On Servitude, Hierarchy, and the Trinity vs Modernity

My wife was studying in 1st Corinthians and was puzzled by the following. What follows is not so much as exegesis, but ponderings on how this connects with what I’ve been reading of late. Here is the passage (vv 1-10):

Now I commend you because you remember me in everything and maintain the traditions even as I delivered them to you. But I want you to understand that the head of every man is Christ, the head of a wife< is her husband, and the head of Christ is God. Every man who prays or prophesies with his head covered dishonors his head, but every wife who prays or prophesies with her head uncovered dishonors her head, since it is the same as if her head were shaven. For if a wife will not cover her head, then she should cut her hair short. But since it is disgraceful for a wife to cut off her hair or shave her head, let her cover her head. For a man ought not to cover his head, since he is the image and glory of God, but woman is the glory of man. For man was not made from woman, but woman from man. Neither was man created for woman, but woman for man. That is why a wife ought to have a symbol of authority on her head, because of the angels.

What can a modern citizen of today’s western world make of this passage. Well, here’s how I see it.Recently, as I’ve been reading a lot in Metropolitan John Zizioulas book, Communion and Otherness: Further Studies in Personhood and the Church. In this book, Zizioulas writes that the Trinity is at the same time heirarchical (Father holds monarchia over the Son and Spirit) but at the same time, within the Trinity there is (perfect) freedom and equality existing at the same time as there is heirarchy. That means for Christians in our daily life we hold therefore find that heirarchy and equality are not in oppostion. This notion is very much in opposition to both the thrust of modern political thought as well as modern rights rhetoric, e.g., sexual politics contra patriarchy. But can we make sense of a notion of heirarchy divorced from equality, that is having heirarchy but not do violence to our notion of equality.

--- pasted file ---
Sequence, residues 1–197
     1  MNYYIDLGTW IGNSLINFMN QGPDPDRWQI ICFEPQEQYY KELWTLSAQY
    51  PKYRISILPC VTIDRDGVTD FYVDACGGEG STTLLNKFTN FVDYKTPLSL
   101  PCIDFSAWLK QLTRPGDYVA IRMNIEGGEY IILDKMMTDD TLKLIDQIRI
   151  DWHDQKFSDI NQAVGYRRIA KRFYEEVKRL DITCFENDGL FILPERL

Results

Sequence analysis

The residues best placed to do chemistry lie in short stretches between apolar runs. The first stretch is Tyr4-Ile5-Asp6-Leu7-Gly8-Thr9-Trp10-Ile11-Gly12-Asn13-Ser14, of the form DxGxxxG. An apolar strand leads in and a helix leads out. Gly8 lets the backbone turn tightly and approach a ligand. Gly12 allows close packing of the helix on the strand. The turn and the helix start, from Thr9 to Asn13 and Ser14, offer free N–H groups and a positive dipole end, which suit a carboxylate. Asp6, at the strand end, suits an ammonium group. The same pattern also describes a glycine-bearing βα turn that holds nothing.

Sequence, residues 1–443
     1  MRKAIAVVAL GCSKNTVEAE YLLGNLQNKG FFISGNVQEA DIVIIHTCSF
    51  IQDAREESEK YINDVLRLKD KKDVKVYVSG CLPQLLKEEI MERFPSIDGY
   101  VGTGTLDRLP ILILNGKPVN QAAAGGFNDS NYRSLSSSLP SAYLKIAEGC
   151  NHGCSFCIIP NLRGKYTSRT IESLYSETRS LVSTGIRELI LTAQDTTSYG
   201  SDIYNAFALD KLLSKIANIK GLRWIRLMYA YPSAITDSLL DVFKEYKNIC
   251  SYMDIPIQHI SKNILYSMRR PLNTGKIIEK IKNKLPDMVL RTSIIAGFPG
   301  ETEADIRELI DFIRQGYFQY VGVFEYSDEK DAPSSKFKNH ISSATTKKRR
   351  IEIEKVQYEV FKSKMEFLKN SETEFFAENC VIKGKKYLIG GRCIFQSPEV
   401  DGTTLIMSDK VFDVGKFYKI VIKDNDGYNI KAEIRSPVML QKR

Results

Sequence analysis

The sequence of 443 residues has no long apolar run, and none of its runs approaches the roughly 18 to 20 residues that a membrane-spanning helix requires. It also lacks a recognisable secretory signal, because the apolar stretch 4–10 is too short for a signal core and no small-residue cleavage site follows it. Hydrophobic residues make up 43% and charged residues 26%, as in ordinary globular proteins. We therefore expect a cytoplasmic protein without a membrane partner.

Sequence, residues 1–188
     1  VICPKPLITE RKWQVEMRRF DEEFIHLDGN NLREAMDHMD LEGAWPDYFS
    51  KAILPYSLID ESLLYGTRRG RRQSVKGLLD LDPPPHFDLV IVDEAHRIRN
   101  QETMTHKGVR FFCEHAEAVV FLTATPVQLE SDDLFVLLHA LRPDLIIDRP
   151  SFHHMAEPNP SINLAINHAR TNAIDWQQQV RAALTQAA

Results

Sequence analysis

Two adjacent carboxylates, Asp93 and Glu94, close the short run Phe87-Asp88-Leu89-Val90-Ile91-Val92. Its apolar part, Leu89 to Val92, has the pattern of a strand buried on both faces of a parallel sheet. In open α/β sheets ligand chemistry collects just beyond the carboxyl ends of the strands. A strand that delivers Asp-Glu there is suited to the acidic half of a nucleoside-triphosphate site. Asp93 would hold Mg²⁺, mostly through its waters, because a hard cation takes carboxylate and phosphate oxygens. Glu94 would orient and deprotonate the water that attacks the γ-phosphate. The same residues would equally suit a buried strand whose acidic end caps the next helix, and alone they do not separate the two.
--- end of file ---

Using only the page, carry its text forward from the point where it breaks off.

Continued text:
Heirarchy actually comes fairly natural to men and our notions of how the world is put together especially when it is divorced from notions that differences in heirarchy imply differences in our worth (equality). We freely admit (if honest) that at just about any walks of life, be they intellectual, artistic, athletic or spiritual insight that many others of renown as well of our aquaintance are our masters or betters. And those masters, even if they top the world in one field, will (likely unless megalomania touches them) that in the rest of their life, they have masters in the rest of what they touch. It is the notion of our age that authority over us not be lightly given if given at all. This, I might venture, does violence to our nature. We yearn at times to sit at the feet (though made of clay like us) of the master and learn from those wiser and more learned then we. To submit to their teaching and instruction. Equality can in fact be separated from heirarchy. If one’s personhood is intact and one’s worth not derived from his place, status, or talents but instead by virtue of his being (think image of God perhaps?). Then equality is not threatened by acknowledging another freely as having authority over yourself. You can willingly submit to another’s authority, especially if that person holds the same ontological opinion about authority and personhood (and Trinity?). Can this in part, by why M Zizioulas holds that a correct ontology of Trinity combined with communion is required for solving the problem of difference and division in man’s community?

For further reading on the verses above, see John Chrysostom (quoted here from homily 26):